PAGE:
Twyla Tharp is writing about rehearsing, touring and creating new work, 50 years after her first dance concert.
Here’s the cast on Saturday, on the advent of leaving New York rehearsals for the kick off of our 10-week 50th Anniversary tour in Dallas. This is probably a more user friendly photo than the one below, which I took two hours earlier.
This photo of the company in our last studio showing for an audience is not a gorgeous one. But it is of interest to me because it traces the dancers through 10 seconds of the fanfare that begins our program. Follow the dancer wearing the blue calf support or the girl with the maroon shirt. You will see the path they cover in 10 seconds. And around them you see the entire group traversing the space in this time. Less than a week from now, on Sept. 18, this passage will announce a new company to the world in Dallas.
What makes a company? It is, like a good performance, greater than the sum of its parts. It brings together a wealth of experiences and commitments that create a single foundation. Tacitly expressed in the dancing is a guarantee to the audience that whatever goes down, there’s no need for panic because onstage we have your back. It is a group that is solid, with history and a shared mandate. Recently we have heard from viewers invited to the studio to watch run throughs, “It is beginning to feel like a company.” This is a very good thing and reflects a year and a half of work.
During this time I have developed an isometric class called Treefrog to implement the dancers’ training and ground them in a standard technique. All the company’s dancers can use some Treefrog in their pre-curtain warm-up and also for the master classes they will be teaching throughout the tour. A new piece of repertory not being shown on this tour, set to the late Beethoven quartet Opus 133, was made for this group in order to remind us all that there is a future for us as a company after this tour. We also are doing an early work from 1970, “The One Hundreds,” in several of the communities we will be visiting, a dance that allows 100 regular civilians to dance with the company. “The One Hundreds” is the 26th dance chronologically on my website. The two new dances on the tour, “Preludes and Fugues” and “Yowzie,” will be joining the repertory as numbers 158 and 159. All this supplementary work helps form a platform from which to launch our Sept. 18 premiere.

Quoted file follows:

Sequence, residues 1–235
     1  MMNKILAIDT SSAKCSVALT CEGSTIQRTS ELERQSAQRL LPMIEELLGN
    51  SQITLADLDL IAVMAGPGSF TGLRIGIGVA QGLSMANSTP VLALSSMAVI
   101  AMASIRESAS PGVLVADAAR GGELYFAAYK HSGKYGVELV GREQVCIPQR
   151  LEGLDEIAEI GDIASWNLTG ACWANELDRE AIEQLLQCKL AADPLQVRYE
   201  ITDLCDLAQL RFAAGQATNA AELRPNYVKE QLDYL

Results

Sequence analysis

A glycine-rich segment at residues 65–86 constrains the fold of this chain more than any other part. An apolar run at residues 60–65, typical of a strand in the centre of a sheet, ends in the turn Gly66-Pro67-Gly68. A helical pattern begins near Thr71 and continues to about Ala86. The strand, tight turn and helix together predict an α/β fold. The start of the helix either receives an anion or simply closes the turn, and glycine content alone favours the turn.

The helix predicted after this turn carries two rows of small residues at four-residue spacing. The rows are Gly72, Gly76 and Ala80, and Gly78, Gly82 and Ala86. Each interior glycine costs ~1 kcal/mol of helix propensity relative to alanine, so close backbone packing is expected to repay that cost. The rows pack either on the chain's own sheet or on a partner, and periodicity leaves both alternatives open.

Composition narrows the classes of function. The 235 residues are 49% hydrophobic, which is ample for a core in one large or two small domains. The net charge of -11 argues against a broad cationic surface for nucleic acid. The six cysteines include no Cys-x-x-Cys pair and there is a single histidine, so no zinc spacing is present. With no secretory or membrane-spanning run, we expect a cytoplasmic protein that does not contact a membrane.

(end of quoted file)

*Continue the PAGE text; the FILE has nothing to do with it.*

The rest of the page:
Creating a company also takes input from me beyond the usual job profile of choreographer. These last weeks I have delivered no new steps — no one has time for that now — and I have shifted over to other company duties. Now, I’m the director, producer, rehearsal assistant and community outreach supervisor, making sure, even, that studio guests are well greeted when they arrive for a showing.
As director, I continue giving notes to the performers after run throughs and studio showings, reminding them of the works’ original intention when they stray into mannerisms, but also watching for valuable new options in the dancers’ delivery as they become more familiar with their material. In Dallas, and under lights and in costumes and makeup, the dancers’ energies will have to be adjusted once again to address the distancing effect that putting a dance onstage has on its audience.